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Start of Construction of Two Interesting Retaining Walls

April 2024

In the past few years, we have designed a whole slew of retaining walls – many of which are deserving of blog posts.  However, RTGA is just starting the construction consultation phase for two different and unusual retaining wall systems in Reno, Nevada for Madole Construction.

The first is a set of eight temporary retaining walls for two bridges being widened on Interstate 395 in Northern Reno.  The retaining walls are being constructed in the median between the northbound and southbound lanes of US 395 at Panther Valley and the North Virginia Street Interchange, just north and south of the bridges to be widened.  As seen in the figure below, each wall will initially be a soil nail wall which will retain the soil (drawn gray in the diagram) under the existing freeway lanes. 

In phase 1, they are conventional soil nail walls with shotcrete facing, up to 30 feet high. Shotcrete is a form of concrete where concrete is projected by compressed air (shot) at high velocities onto a surface. The bridges are skewed at 17 to 41 degrees, further complicating the soil nail layout.


After the soil in the middle of the freeway is excavated as shown above on the right, it will be replaced as fill to support the new MSE abutment. As the fill is placed, we will be adding plate anchors in the new filled zone facing inward (note red starter anchors pre-placed in the shotcrete wall above) so that it will be supported when the outer freeway lanes are removed on the left. Then the outer lanes (to the left) are removed and excavated in Phase 2, including the Phase 1 soil nails. The final retaining wall configuration is shown below, with the anchors supported by the same type of hollow-bar micropiles as used for the soil nails, except placed in backfill in horizontal layers. The shotcrete face is to be left in place between the right-facing and the left-facing excavation.


The picture to the right shows the start of the first 5 feet of excavation for the southern of the two bridges, where Madole Construction is installing test nails to verify soil bond strength. The soil looks much stronger than was indicated in the boring logs, so we may be able to shorten the nails some.


The second project is another temporary wall we call a “spile wall” to support a deep excavation for a parking garage one block from the University of Nevada, Reno campus. “Spiles” typically refer to rock anchors which knit support a tunnel as it is being excavated by nailing the rock on the ceiling in place before the material below is removed. The spiles are closely-placed in a line around the excavation face in an arch or fan.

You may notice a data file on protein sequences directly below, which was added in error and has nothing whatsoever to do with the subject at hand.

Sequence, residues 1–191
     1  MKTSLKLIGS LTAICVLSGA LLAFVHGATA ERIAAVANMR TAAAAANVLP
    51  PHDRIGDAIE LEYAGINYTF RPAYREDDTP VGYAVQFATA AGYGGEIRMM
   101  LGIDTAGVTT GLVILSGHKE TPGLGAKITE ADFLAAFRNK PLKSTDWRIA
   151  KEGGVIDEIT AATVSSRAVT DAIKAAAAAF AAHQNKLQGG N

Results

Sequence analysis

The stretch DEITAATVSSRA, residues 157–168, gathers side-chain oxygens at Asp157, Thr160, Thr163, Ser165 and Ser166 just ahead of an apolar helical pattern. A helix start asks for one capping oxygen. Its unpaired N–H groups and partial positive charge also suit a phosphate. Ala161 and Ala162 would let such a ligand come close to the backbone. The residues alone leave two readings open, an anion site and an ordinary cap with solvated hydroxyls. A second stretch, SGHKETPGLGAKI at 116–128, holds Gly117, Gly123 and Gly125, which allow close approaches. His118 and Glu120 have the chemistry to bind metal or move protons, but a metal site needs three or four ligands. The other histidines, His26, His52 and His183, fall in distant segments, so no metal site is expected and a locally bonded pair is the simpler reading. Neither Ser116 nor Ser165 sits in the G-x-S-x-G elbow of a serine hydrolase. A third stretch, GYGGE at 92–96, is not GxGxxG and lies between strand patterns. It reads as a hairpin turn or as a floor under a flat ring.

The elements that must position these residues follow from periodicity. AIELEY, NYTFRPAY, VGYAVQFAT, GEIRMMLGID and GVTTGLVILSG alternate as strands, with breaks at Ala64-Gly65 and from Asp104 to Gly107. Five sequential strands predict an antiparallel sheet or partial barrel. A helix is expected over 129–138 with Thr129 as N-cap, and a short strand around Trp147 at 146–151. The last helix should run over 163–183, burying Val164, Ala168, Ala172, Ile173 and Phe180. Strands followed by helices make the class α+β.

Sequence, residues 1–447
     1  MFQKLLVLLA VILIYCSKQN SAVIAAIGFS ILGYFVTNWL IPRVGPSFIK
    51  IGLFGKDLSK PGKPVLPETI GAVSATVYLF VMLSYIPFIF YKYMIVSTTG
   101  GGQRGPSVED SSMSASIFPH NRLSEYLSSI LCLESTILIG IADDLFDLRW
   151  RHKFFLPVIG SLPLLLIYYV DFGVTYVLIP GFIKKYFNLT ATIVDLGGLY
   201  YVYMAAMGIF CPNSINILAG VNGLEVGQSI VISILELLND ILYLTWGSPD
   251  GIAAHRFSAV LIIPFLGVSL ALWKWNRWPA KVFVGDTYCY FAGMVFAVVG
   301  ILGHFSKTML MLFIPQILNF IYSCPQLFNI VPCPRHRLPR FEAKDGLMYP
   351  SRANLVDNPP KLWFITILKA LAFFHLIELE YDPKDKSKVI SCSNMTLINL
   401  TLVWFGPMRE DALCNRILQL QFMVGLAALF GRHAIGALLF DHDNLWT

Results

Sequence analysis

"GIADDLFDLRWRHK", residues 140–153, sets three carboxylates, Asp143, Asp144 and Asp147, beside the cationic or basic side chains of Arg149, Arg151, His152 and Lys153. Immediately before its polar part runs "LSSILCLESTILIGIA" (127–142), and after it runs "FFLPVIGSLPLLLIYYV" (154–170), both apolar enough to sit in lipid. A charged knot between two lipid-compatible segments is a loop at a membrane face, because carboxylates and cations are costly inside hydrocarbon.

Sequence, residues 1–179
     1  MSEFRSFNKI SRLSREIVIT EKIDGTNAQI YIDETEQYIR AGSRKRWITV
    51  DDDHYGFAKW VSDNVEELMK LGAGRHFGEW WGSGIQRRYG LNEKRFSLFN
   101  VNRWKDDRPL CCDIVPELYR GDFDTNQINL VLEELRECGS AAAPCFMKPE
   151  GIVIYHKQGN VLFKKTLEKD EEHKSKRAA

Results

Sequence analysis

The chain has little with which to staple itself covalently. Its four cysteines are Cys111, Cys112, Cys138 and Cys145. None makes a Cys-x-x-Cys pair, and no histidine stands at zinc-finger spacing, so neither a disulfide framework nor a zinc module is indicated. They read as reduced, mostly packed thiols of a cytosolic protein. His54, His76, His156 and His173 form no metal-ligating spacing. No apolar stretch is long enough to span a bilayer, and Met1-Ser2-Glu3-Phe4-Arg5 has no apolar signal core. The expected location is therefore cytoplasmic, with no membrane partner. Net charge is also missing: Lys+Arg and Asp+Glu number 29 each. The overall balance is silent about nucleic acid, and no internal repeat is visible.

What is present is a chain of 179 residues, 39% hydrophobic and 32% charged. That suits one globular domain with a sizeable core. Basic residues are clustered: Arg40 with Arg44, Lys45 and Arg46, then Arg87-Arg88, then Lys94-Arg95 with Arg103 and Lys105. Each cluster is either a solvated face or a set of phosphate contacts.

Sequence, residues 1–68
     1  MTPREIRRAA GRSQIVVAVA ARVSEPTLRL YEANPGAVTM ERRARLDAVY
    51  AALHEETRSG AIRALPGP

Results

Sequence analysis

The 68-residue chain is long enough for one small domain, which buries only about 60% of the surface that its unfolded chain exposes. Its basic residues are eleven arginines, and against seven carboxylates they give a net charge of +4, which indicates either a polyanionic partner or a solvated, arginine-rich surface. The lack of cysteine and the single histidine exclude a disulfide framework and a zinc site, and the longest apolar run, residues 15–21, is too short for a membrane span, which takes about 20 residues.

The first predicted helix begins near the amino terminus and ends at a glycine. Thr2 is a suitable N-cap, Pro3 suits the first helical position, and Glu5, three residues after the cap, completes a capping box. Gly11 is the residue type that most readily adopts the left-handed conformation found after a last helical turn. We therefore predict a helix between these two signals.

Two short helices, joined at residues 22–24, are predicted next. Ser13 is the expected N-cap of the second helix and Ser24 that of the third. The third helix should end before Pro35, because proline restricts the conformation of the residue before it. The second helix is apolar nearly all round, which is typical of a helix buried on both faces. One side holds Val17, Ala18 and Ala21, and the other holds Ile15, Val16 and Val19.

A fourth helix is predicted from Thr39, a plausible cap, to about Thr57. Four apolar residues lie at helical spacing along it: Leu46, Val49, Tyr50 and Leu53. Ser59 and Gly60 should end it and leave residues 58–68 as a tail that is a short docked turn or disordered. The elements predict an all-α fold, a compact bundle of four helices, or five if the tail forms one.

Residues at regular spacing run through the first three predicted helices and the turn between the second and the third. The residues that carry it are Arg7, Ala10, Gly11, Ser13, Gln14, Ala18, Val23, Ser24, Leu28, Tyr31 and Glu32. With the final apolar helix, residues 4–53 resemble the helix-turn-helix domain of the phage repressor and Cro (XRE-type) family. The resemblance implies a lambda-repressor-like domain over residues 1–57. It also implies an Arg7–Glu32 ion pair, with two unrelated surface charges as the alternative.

We (and no one else we are aware of) call our planned design a “spile wall” because the front row of nails (typically at 1-1/2 foot spacing on center) basically knits together the soil in front so that there is no discontinuity, and soil arches between the nails so it cannot fall out. The plan section below is a 20-foot tall temporary excavation one block from the University of Nevada Reno campus, which will start construction in August. The property is adjacent to a railroad right of way, and shoring or excavation which would extend over the right of way line was not feasible. The cross section below shows the wall is supported by two rows of micropiles in an A-frame configuration, which are embedded in the soil. The nails act as a couple, tied by a small concrete cap beam, and the soil as a shear element, make the wall stand up. This is the tallest spile wall we have designed for temporary support in Reno in hard clay deposits, most of our previous spile walls have been in competent silty sands in excavations around Lake Tahoe.


The contractor confirms that this approach is cost effective compared to other shoring methods (including soil nail walls, which have the disadvantage that the mostly-horizontal soil nails typically would extend across property lines, which may not be permitted).


The last two photos are a temporary spile wall we designed (and Madole Construction built) on Moana Lane in Reno, which we observed during construction this winter. The wall allowed construction of a 1-story-below-ground parking level within 8 feet of the property line for a five-story garage. The entire wall at the toe was about three feet wide from the property line, and the wall fully supported a 12-foot-high excavation. The first photo shows the micropiles before installation of the cap beam, and the second shows the completed excavated face. The garage footing now takes up the entire width of the excavation. Because the micropiles were closely spaced, and the soil is cohesive, no shotcrete or other facing was used. The micropiles are generally a few inches behind the excavated face, sometimes the grout around the micropiles can be observed as a light gray streak, or a bar may be accidentally excavated. The general contractor reported that OSHA came out and reviewed the wall and our plans, and let the work continue.

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